The sea makes the sky blue, but what makes water green? Green water’s technical term is Infusoria. Now that is a very complicated word for something that is actually very simple. Green water is green because it is home to a plethora of many different algae, and other single cell organisms. These minuscule specks of life are green because of the chlorophyll in their structures, and because water is clear if there are enough of these little buggers, your water will appear to be green! It’s as easy as that. If you think about pond water, or swamp water, it is simply that. Those bodies of water are so thick with various plant forms and microscopic life that it appears murky and cloudy.
The real question is, what to do when my water is green when it shouldn’t be or not green when it should be?
When Green is Good
Green water is an ally if you have creatures in your tank that love to feast on microorganisms like Fan or Bamboo shrimp. These shrimp need a good amount of algae to be happy and well fed. Also many fish fry in their week or two after birth need microorganisms like the ones in green water to eat because they are too small to eat any other kinds of foods. Basically you need green water if your tank mates need microorganisms in it for food.
Here is a quick and easy way to culture your own green water.
When Green is Evil
Some people end up with green water in their tank when they don’t need it and that can be a huge problem. Green water in a tank means there is an excess of nutrients and sunlight, which the algae in your tank will use to flourish and multiply. With nothing that will eat these microorganisms they can build up quickly in a tank. Not only is it unpleasant to look at, it can thicken and can cloud your tank to the point where not enough light penetrates the lower areas of the tank, causing the plants and algae in that lower region to die off quickly and in vast amounts. This will affect your ammonia, nitrate, nitrite levels and more. Its 100% an evil villain at this point because this will throw off the nitrogen cycle, make your water parameters go crazy and be hazardous to everything living in your tank.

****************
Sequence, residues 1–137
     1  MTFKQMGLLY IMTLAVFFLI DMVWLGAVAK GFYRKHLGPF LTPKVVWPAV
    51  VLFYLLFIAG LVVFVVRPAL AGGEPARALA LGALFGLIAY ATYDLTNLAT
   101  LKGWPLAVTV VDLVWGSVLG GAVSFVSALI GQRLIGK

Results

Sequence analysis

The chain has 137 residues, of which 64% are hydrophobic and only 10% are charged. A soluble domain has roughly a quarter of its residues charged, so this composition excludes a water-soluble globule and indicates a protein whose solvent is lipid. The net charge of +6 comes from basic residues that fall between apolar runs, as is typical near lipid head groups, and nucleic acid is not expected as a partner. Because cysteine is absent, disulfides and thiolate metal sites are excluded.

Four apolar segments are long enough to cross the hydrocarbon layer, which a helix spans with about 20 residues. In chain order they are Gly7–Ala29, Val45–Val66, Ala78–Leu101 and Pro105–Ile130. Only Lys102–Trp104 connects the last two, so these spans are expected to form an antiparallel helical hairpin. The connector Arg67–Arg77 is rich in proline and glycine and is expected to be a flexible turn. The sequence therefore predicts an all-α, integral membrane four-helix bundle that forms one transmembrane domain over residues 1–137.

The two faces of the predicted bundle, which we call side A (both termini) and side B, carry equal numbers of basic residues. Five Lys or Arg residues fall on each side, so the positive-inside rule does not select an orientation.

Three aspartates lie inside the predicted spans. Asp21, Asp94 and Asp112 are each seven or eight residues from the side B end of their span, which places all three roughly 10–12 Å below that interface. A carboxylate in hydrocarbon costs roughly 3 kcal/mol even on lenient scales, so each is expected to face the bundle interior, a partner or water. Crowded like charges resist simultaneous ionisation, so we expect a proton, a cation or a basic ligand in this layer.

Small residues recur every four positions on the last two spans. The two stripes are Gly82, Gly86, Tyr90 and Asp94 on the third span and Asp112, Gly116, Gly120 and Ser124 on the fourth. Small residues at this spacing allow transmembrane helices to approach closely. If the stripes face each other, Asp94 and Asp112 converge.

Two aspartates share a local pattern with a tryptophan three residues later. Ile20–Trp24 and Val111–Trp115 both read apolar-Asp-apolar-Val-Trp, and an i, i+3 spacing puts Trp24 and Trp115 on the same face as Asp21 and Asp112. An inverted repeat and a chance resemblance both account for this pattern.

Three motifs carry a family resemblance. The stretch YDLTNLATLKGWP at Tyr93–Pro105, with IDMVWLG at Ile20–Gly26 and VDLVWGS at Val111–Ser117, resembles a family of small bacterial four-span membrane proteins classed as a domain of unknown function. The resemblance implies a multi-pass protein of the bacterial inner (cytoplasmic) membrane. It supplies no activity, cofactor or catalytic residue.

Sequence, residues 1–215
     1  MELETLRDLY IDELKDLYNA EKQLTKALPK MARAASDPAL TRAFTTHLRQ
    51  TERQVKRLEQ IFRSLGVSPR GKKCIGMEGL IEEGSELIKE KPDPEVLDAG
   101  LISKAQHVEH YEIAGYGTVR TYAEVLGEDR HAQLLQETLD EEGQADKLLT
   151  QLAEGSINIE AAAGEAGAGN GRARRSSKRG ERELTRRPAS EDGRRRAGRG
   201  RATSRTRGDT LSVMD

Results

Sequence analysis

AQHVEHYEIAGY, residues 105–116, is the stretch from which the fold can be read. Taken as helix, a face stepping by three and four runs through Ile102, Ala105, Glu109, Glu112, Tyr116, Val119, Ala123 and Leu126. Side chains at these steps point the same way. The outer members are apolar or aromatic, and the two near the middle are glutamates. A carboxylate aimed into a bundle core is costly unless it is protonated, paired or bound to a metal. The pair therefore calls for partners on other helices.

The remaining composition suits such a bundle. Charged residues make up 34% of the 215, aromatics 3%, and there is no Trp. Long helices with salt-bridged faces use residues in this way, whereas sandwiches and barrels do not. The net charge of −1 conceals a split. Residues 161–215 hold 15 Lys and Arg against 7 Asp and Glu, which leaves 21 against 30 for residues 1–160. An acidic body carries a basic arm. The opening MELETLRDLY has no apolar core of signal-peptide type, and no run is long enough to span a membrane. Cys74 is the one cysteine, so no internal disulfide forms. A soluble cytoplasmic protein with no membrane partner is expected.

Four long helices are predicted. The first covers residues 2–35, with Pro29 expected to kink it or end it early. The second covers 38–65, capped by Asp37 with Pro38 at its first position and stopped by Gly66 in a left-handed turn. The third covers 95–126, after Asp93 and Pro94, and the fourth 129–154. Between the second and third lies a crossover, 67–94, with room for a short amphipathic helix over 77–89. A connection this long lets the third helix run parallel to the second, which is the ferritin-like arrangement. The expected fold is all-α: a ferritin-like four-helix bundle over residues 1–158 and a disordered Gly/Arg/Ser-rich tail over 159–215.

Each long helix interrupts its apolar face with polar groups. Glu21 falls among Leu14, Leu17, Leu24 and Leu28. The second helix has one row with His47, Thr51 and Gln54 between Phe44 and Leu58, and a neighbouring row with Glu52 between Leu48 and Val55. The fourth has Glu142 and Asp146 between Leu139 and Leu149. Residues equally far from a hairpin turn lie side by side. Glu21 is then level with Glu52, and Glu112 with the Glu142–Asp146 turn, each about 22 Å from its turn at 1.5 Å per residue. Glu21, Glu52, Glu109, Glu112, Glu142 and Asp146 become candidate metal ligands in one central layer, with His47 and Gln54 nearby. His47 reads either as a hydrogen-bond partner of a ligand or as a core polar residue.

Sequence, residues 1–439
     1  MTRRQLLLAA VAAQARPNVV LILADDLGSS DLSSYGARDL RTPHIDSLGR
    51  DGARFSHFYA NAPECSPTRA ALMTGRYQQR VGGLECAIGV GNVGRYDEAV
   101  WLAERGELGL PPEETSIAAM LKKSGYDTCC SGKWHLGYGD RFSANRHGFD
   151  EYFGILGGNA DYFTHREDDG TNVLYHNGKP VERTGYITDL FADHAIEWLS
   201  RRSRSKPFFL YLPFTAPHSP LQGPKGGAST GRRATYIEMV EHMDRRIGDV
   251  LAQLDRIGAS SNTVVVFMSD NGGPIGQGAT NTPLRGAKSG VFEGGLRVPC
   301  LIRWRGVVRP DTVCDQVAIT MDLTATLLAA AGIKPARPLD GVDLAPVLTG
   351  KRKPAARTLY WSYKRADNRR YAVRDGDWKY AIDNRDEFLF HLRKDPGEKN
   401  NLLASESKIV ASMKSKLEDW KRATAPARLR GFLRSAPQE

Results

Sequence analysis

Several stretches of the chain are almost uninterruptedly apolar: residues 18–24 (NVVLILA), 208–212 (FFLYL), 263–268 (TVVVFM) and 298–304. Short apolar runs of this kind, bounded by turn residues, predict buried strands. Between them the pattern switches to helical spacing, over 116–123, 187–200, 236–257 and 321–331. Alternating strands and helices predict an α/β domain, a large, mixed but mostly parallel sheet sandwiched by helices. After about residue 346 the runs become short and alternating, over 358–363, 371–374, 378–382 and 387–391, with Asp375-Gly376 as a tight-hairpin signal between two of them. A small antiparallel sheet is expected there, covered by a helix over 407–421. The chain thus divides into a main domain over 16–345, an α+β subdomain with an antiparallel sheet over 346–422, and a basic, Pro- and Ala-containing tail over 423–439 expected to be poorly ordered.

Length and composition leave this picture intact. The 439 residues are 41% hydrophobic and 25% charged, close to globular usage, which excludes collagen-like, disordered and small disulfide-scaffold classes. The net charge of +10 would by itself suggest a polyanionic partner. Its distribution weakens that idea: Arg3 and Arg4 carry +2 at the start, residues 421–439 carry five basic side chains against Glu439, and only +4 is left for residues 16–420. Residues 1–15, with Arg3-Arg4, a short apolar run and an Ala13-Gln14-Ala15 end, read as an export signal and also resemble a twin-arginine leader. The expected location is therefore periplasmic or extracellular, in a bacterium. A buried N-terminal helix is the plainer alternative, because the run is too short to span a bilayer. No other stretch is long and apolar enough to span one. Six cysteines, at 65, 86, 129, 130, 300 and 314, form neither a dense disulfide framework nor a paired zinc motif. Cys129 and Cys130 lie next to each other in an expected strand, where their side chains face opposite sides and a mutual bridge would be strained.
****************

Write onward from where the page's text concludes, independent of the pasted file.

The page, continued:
In order to keep you’re your water clear, you’ll need to do a few things. It is always good to have a few plants in your tank, because they compete with the green water microorganisms in your tank for nutrients. Duckweed is pretty good for this. This will help prevent a ‘baby boom’ of algae in your tank. Limiting your sunlight intake, or shortening it will help a lot as well. Doing regular water changes is vital to keep your water parameters at the proper levels and to dilute the amounts of algae and nutrients in your tank. Also don’t overfeed your tank mates! Anything that contributes to bad water quality will contribute also to green water growth.
Also maybe adding some freshwater clams, Fan Shrimp (if you have fan-friendly tank mates), cute snails (for surface algae, and if you don’t mind waking up to a million snails in your tank), plecos and other bottom feeders (if they, again, will not disturb your other tankmates) will help combat green water.